The authorities are sending the latest signal,” Garry Kasparov, a liberal opposition leader and former world chess champion, told Ekho Moskvy radio station.
“People who continue to hope for some illusory political reforms … are once again being reminded that Putin will rule without a glance at any laws, let alone at public demonstrations in Moscow.”
The opposition has been warning of reprisals since Putin won a third term as president and riot police the next day detained hundreds of people who attended unsanctioned rallies or refused to leave after a protest that had been permitted in Moscow.
Anti-corruption blogger Alexei Navalny was fined 1,000 roubles (21.66 pounds) for refusing to go straight home after the rally in Moscow’s Pushkin Square.
Shortly afterwards, another court jailed far-left leader Sergei Udaltsov for 10 days for disobeying police by addressing a small crowd in Moscow after a peaceful rally last Saturday.
“As a sign of protest I am declaring a dry hunger strike,” Udaltsov said after the verdict was announced, making clear he planned to refuse both food and water.
Hours later, Alexei Kozlov, whose wife Olga Romanova is part of a lobby group that has helped organise the biggest protests since Putin first rose to power in 2000, was found guilty of fraud in a business deal and sentenced to five years in prison.
“Damn you, court!” Romanova, a journalist, said as the verdict was read out. Dozens of Kozlov’s supporters, who say the charges are simply a punishment for political activities, shouted at the judge: “Shame on you!”
Udaltsov and Navalny, both of whom are 35 and have cropped hair, are among the most prominent and outspoken figures behind protests that have at times brought up to about 100,000 people on to the streets of Moscow.
Navalny said the opposition would not give up its struggle to secure Putin’s departure and free elections in protests that were initially sparked by alleged fraud in a parliamentary election on December 4.
“There are hundreds of thousands, millions of people in Moscow who are dissatisfied that their votes were stolen. They will continue to go out on to the streets to protest,” he said.
International monitors said the presidential election was slanted in Putin’s favour. A poll released on Thursday by state-controlled agency VTsIOM found 44 percent of Russians believed the result was reliable and in line with the voters’ will.
Romanova, whose lobby group represents relatives of suspects in economic crimes, said her husband plans to go into politics when he is freed.
He will serve a maximum of about two years in jail as he has already spent three years behind bars on the same charge of theft of shares, which he denies.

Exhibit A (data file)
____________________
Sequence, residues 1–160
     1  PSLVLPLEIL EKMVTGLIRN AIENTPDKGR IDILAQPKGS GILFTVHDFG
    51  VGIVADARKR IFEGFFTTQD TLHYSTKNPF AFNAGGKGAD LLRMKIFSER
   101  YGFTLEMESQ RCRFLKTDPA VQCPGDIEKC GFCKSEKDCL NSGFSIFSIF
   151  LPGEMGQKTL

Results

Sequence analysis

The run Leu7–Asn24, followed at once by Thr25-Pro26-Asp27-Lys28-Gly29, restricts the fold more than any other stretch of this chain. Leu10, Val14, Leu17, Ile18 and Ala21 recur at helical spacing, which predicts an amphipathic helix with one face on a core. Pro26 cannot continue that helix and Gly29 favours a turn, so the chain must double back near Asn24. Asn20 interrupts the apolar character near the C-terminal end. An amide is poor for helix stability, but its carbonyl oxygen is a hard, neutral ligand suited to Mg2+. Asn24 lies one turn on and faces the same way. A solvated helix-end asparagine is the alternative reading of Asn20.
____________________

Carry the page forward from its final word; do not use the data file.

Kozlov, who addressed the most recent anti-Putin rally in Moscow on Saturday, had been freed from prison last September after the Supreme Court threw out his conviction and sent the case back to a lower court for retrial.
Denouncing Putin and President Dmitry Medvedev, who is expected to take his ally’s current job as prime minister, Romanova said: “As long as they are in power here, unelected and self-appointed, this could happen to anyone.”
Kozlov’s case had begun long before the protests started. Judge Tatyana Vasyuchenko said Kozlov had failed to prove that he had bought shares and not stolen them during the disputed business deal. “Kozlov’s actions and those of his colleagues had a criminal intention,” she said.
Kozlov’s great grandfather, Vasily Zarubin, was a spy who warned Soviet dictator Josef Stalin about Nazi Germany‘s intention to attack the Soviet Union in 1941 but was ignored.
Kozlov’s grandmother was married to another famous spy, Naum Eitingon, who plotted the murder of Stalin’s rival Leon Trotsky in Mexico in 1940.
OPPOSITION LOOKS TO REGROUP
The opposition, which wants more democracy, a fair and open legal system and an end to corruption, is trying to regroup and find a new focus following Putin’s election for a third term as president, extending his rule until 2018.
That would be enough to keep the former KGB spy in power as long as Soviet leader Leonid Brezhnev, whose 1964-82 rule is widely seen as a period of political and economic stagnation. If re-elected in 2018, he could rule almost as long as Stalin.
Numbers fell sharply at the most recent protest in Moscow on Saturday, partly because of dismay at Putin’s re-election and his refusal to offer major concessions, but also because of fears of clashes after mass detentions on March 5 at unsanctioned rallies and after a rally that had been permitted.
Some opposition leaders want a clear agenda and a grassroots focus on winning seats – and more political influence – in local elections. Others want the protest movement to mix firm demands on Putin’s government with a clear agenda of its own.
Agreement on policy is hard for a group uniting liberals, nationalists, leftists and independent organisations but several protest leaders issued a statement on trade policy this week in a first sign of a new direction.
The protest organisers have suggested that reprisals will spur them on but are increasingly wary of Putin’s intentions.
“Putin does not know the words ‘compromise’ or ‘concession’ as the result of a political dialogue. He is accustomed to an endless monologue, and so he always chooses the harshest options for counteracting his opponents,” Kasparov said.
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